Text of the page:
Finally, a commitment to continuous improvement requires annual holistic risk assessments, root cause analyses when issues arise, and periodic compliance and ethics program testing to reveal risk areas or broken processes that develop over time.

Assessment Protocol

As a foundational matter, a compliance and ethics program effectiveness assessment can be conducted by an in-house team or an independent expert. The assessment protocol described in this section is appropriate for either type of assessor. In-house teams should annually assess compliance and ethics program effectiveness; organizations should engage an independent expert in the scenarios outlined in the following section.

The first step in assessing the effectiveness of an organization’s compliance and ethics program is to intimately understand the organization’s business, its corporate structure, and its mission, values, and strategic imperatives. Inherently, this is an easier task for in-house teams than independent assessors, but equally important for both in understanding the regulatory landscape and setting the stage for assessment.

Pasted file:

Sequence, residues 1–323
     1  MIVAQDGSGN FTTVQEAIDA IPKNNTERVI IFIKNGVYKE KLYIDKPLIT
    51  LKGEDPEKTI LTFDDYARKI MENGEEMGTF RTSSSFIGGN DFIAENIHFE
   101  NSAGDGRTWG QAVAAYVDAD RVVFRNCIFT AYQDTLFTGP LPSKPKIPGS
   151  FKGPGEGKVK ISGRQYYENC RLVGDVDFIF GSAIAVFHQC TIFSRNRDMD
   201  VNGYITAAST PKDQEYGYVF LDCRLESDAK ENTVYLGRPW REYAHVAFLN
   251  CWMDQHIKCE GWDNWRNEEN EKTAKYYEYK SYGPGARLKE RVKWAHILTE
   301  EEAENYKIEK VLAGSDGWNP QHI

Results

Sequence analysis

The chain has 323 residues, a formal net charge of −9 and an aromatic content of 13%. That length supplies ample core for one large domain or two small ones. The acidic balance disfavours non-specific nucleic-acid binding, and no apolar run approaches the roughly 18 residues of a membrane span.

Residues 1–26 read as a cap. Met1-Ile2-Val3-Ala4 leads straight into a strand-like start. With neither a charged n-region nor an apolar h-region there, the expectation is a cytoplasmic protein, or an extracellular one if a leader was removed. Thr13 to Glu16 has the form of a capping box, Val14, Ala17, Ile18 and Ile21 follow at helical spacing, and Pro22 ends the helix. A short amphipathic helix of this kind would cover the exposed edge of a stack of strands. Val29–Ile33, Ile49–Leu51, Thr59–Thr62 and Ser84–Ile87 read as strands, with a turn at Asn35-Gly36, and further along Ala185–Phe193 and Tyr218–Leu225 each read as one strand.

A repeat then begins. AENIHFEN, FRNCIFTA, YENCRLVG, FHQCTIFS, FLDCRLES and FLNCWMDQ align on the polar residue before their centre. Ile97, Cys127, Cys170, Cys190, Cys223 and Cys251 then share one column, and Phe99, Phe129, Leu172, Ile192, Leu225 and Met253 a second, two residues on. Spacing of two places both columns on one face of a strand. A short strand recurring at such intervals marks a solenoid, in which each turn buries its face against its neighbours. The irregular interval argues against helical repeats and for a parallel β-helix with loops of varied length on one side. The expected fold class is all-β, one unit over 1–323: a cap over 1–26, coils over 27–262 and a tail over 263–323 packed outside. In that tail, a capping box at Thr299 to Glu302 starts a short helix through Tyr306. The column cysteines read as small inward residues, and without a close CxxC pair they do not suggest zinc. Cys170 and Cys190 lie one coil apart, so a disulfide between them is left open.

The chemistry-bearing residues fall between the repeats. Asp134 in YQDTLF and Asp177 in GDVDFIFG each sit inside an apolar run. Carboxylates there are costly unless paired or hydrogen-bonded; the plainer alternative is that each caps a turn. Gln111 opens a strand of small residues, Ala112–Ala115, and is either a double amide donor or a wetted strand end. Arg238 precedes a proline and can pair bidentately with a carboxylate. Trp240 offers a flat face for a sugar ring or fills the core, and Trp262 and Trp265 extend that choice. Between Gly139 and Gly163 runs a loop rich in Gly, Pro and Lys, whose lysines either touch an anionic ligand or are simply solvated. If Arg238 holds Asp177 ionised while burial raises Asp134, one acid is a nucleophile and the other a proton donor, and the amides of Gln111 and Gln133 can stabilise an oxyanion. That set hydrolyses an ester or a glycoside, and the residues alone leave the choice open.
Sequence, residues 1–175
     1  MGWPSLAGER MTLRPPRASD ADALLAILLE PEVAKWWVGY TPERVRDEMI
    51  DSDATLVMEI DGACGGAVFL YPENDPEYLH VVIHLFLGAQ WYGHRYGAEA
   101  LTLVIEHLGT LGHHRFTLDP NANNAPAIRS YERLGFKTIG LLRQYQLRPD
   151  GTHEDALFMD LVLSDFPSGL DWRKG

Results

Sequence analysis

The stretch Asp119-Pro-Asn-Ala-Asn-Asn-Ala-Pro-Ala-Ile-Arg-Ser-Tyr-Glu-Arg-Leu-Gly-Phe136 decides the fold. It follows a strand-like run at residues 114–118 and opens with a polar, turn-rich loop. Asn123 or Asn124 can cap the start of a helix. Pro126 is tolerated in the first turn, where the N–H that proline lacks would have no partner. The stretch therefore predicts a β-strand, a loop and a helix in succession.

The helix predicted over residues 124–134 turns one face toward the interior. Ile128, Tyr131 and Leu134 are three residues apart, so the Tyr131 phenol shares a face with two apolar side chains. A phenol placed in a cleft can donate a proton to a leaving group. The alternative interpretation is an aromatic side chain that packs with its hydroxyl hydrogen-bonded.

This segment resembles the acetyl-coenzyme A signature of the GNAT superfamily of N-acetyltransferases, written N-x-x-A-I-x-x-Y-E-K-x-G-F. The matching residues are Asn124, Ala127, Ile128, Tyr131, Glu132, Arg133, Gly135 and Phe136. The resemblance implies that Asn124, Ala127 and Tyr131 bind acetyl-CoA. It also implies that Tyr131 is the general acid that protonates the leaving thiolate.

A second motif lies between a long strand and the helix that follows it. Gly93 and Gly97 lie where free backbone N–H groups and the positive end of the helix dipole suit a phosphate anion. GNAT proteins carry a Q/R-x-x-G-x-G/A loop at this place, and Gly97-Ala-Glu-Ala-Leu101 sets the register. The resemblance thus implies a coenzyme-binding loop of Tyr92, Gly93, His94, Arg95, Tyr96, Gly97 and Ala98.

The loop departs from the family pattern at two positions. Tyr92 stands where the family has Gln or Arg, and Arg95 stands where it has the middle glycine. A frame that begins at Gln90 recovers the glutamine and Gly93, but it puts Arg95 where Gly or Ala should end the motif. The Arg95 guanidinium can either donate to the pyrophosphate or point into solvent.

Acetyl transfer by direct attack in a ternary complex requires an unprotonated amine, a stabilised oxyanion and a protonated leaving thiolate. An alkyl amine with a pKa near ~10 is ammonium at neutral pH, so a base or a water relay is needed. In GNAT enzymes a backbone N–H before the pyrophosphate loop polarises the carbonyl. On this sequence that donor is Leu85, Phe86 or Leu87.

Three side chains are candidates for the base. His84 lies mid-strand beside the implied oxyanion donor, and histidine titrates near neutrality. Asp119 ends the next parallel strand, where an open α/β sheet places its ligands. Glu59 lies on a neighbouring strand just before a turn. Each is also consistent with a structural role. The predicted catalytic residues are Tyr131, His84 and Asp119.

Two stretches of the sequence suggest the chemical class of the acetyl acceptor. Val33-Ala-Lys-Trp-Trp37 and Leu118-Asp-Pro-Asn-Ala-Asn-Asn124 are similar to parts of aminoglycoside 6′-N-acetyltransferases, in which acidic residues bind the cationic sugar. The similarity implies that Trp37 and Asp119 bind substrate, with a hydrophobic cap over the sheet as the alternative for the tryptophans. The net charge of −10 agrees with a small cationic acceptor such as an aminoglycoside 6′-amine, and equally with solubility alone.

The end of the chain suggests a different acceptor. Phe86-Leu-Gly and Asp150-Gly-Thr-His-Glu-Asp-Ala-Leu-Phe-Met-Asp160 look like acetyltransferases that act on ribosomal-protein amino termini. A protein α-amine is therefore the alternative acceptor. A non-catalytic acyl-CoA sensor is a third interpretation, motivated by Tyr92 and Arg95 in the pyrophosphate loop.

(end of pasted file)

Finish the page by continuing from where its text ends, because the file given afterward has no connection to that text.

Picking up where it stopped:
With a firm understanding of the organization’s business and values, the assessors then need to synthesize the rules, regulations, and guidance from each applicable regulatory and enforcement source. Using a dashboard, scorecard, or some other measurement tool, the assessors will verify that the organization’s Seven Elements are in place and functioning optimally.